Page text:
Marriage and the missing wedding ring…made part of multi-billion dollar industry


THE bride and the groom exchanged rings.
Then the priest asked all married men and women to raise their left hands.
We happily did.
Then he asked each of us to inspect the other’s fourth finger (from the thumb) of the raised hand.
And in a booming voice he declared, “If you are seeing a ring finger without a ring then know that the man or woman with that finger did not go through a proper marriage!”
My seven-year old son cast a worried look at me.
I lowered my hand and told him that what the priest was saying was not true; not all cultures use rings in marriage.
We started arguing and I had to tell him to shelve it until we got home.
Several weeks after the marriage we are yet to revisit the rings issue.
I felt quite incensed by the priest’s myopic view of marriage that ‘unless it’s according to Anglo Saxon traditions, then it’s not a marriage!’
Perhaps it’s a question of semantics; wedding and marriage; kuroora and muchato.
Whatever the case, marriages and marriage ceremonies are as old as our civilisation this part of the world.
And marriage rituals differ from region to region, culture to culture, religion to religion.
Globally, the marriage ring is widespread and of great antiquity but among the Shona, the ring is fairly alien and very recent.
This is why I felt the priest’s accusations were insensitive and culturally derogatory.
According to Shona tradition the marriage process started with kupana nhumbi ceremony.
This was usually a private successful ending to courtship when the two love birds exchanged love tokens, which were usually bracelets or bead ornaments.
The exchange was private but took place at the girl’s homestead during the boy’s ‘innocent’ visit there.
After kupana nhumbi, the boy’s family then arranged for kunobvisa rutsambo.
A munyai/go between, was sent with a hoe and two strings of beads (chuma).
Once the girl confirmed to her aunt that she was agreeable to the marriage proposal and accepted the gifts, she wore the necklace and handed the hoe to her father.
This act completed the kutambira rutsambo ceremony, perhaps the equivalent of Western engagement.
In Shona grammar, rutsambo is derived from the term shambo for reed bangle, an ornamental and protective object.
When the father in-law accepted the hoe, he was re-affirming generational attachment to soil fertility, which fertility made it possible for the bride to ‘ripen’ and be asked for her hand in marriage.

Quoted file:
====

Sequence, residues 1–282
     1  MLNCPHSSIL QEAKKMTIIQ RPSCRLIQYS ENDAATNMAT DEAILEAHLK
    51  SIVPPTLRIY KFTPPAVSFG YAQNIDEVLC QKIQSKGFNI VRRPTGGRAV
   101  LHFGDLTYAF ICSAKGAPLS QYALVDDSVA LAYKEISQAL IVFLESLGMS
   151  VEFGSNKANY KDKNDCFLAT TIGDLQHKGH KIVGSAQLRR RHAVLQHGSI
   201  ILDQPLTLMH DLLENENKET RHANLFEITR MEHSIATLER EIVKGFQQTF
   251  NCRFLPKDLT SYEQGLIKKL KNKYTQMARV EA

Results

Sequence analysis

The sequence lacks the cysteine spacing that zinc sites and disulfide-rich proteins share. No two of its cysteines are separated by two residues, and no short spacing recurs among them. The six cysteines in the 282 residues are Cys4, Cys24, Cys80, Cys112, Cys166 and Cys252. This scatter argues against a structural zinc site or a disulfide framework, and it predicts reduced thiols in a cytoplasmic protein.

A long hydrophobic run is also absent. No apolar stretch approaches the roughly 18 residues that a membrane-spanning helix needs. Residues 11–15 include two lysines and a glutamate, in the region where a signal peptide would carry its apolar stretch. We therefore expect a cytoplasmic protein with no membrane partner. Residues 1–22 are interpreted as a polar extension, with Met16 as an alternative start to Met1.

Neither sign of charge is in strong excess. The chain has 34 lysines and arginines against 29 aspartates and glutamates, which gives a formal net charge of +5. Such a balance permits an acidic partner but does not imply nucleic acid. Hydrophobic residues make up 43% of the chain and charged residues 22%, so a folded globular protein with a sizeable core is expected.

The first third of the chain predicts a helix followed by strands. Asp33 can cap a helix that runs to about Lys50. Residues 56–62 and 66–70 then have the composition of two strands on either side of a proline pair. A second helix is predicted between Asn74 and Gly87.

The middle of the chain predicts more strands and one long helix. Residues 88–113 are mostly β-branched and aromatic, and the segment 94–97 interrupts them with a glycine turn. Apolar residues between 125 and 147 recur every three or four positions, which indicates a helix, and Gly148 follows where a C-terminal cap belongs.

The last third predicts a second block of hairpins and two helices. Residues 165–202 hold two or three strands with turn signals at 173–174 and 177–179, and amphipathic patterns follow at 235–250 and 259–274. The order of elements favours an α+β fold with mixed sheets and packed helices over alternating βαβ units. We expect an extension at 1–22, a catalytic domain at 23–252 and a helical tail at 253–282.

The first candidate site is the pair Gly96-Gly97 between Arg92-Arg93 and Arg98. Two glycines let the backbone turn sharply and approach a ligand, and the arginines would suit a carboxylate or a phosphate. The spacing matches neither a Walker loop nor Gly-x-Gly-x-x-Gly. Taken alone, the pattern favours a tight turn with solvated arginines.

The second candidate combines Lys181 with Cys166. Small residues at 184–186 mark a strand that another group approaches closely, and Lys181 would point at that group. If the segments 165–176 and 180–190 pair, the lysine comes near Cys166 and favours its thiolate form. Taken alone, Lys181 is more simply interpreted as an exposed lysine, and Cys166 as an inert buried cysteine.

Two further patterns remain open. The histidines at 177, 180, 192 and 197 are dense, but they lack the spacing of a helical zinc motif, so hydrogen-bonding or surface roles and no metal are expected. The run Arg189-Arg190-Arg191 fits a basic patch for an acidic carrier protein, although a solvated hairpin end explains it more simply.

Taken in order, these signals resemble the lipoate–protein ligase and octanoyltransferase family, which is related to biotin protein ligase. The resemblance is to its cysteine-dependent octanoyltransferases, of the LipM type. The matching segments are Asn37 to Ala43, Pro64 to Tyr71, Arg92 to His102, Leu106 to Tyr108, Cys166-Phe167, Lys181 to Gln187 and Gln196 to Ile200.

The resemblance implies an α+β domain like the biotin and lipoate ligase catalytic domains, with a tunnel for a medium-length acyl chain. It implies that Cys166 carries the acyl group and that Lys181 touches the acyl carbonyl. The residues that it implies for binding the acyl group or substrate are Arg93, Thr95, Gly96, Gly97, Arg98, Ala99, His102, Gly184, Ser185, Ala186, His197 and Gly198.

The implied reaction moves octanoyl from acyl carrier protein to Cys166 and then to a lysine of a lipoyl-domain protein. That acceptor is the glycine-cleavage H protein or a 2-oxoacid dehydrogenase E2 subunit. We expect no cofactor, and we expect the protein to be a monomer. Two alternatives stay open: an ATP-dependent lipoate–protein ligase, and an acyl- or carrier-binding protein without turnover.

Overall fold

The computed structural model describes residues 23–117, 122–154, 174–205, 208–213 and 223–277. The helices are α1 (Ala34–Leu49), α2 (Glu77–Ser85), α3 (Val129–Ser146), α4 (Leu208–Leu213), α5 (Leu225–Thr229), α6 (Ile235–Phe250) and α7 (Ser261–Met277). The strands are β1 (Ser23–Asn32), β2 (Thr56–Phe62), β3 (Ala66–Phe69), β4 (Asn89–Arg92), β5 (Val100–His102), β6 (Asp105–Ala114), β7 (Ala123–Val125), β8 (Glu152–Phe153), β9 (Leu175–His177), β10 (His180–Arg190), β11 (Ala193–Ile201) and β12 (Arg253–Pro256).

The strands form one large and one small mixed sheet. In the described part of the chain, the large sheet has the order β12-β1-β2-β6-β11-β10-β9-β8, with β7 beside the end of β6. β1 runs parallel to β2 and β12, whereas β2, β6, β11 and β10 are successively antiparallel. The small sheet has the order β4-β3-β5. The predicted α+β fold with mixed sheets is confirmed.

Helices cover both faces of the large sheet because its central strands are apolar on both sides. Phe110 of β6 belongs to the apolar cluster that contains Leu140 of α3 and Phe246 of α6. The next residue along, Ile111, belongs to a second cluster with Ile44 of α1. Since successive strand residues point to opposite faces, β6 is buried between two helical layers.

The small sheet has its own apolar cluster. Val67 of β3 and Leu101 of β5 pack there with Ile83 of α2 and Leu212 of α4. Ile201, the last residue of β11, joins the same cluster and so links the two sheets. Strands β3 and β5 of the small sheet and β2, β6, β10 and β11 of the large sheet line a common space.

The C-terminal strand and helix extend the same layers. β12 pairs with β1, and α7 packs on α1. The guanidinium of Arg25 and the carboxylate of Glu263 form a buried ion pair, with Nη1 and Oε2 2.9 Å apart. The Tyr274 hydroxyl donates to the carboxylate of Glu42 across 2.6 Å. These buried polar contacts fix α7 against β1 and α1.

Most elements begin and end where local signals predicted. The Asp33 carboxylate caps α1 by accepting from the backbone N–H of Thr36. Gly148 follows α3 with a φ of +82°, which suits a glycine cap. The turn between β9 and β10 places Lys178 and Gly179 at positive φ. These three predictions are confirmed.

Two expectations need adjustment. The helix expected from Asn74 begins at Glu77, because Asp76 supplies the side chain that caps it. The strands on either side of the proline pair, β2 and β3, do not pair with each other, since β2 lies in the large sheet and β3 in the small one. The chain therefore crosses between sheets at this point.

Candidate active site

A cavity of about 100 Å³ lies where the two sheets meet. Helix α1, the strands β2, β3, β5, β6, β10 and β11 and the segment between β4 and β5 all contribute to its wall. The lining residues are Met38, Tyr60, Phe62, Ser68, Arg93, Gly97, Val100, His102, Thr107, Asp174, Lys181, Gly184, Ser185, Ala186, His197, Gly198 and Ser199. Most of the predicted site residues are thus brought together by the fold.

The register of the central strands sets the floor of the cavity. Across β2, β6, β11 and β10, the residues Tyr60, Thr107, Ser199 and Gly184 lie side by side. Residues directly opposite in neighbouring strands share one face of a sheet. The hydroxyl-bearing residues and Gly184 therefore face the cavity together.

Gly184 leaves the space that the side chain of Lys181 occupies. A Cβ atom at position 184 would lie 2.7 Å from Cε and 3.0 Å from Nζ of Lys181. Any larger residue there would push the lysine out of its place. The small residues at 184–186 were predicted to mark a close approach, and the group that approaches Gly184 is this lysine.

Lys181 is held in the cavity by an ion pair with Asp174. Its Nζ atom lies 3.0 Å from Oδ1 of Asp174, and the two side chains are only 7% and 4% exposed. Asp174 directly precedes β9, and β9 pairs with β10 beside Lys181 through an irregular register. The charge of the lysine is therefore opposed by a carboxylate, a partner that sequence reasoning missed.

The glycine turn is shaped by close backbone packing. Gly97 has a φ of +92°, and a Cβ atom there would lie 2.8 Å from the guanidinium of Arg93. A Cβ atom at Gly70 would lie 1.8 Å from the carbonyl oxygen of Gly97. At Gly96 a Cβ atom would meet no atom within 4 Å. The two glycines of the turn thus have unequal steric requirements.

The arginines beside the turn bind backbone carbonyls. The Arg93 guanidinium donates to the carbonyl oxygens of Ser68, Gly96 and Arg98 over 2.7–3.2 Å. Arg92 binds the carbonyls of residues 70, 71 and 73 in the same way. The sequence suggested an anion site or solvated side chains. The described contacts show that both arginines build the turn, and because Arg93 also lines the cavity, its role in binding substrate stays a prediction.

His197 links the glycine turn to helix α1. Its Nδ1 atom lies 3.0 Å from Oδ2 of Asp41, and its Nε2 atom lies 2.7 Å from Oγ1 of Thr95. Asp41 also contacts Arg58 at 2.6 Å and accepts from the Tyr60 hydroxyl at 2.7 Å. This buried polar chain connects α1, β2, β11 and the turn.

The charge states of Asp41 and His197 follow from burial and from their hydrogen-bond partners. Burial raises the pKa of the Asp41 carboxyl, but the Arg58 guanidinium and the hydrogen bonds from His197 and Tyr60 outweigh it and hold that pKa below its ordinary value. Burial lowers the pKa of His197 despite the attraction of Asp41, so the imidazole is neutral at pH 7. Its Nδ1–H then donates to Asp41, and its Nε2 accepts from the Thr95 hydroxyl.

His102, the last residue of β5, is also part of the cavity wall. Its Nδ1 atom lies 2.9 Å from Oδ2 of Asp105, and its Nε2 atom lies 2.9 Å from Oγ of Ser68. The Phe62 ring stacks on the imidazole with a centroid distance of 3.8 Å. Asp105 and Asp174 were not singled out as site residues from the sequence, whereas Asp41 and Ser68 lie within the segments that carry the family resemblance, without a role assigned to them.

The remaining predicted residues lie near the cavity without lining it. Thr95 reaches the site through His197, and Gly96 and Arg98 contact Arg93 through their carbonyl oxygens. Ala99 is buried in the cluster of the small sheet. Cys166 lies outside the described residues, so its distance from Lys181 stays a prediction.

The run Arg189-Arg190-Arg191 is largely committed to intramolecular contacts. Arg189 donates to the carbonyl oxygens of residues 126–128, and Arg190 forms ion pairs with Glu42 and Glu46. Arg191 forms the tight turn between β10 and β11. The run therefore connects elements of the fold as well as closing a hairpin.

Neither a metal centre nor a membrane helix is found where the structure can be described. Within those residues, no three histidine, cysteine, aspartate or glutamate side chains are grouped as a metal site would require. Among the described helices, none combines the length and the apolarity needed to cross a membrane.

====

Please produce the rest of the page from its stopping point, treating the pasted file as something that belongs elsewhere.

The hoe and soil tilling are among the attributes that best describe the establishment of Bantu culture in east, central and southern Africa about two thousand years ago.
The chuma or shambo was a mark of beauty and female fertility.
In accepting and wearing chuma, the girl was acknowledging, before her father, that she is ready to play her part in procreation.
Kutambira rutsambo was a fertility conversation between father and daughter and was the first ceremony in Shona marriage. Though no rings were involved, rutsambo had the effect of ‘ring fencing’ the bride for the groom.
Our priest’s much coveted rings are incidentally probably an ancient African tradition from Egypt, about 4 800 years ago.
Sedges, rushes and reeds growing alongside the well-known papyrus were twisted and braided, shambo style, into rings for fingers and other decorative ornaments worn by the women in those days.
The circle was the symbol of eternity, with no beginning or end, not only to the Egyptians, but many other ancient cultures.
The hole in the centre of the ring also had significance.
It wasn’t just considered a space, but rather a gateway, or door; leading to things and events both known and unknown.
To give a woman a ring signifies never-ending and immortal love.
The materials these rings were made of didn’t last very long and soon were substituted with rings made of leather, bone or ivory. With that came marital materialism and subsequent commercialisation of marriage; the more expensive the material, the more love shown to the receiver.
The value of the ring also demonstrated the wealth of the giver.
The Romans also eventually adopted this tradition but with their own twist.
Rather than offering a ring to a woman as a symbol of love, they awarded them as a symbol of ownership.
Roman men would ‘claim’ their women with the giving of a ring, a bastardised version of the rutsambo ceremony.
Roman betrothal rings were later made of iron.
They symbolised strength and permanence. It is also said that the Romans were the first to engrave their rings.
According to a tradition believed to have been derived from the Romans, the wedding ring is worn on the left hand ring finger because there was thought to be a vein in the finger, referred to as the ‘Vein of Love’ said to be directly connected to the heart.
However, scientists have shown this is actually false though many hopeless romantics still link the fourth finger with hearty anatomy.
Our dear priest probably thinks the fourth finger tradition comes from the scriptures.
It was not until about 860 AD that the Christians used the ring in marriage ceremonies; even then, it was not the simple plain band as we know it.
It usually was highly decorated with engraved doves, lyres or two linked hands.
The Church discouraged such rings as ‘heathenish’ and, around the 13th Century, wedding and betrothal rings were considerably simplified, and given a more spiritual look which was very aptly expressed by one Bishop when he dubbed it a ‘symbol of the union of hearts’.
Today, wedding rings are part of a multi-billion dollar cultural and religious industry in which priests are strategic agents and those found resisting the rings for shambo are vilified and labelled, in the presence of their seven-year-olds, improperly married.


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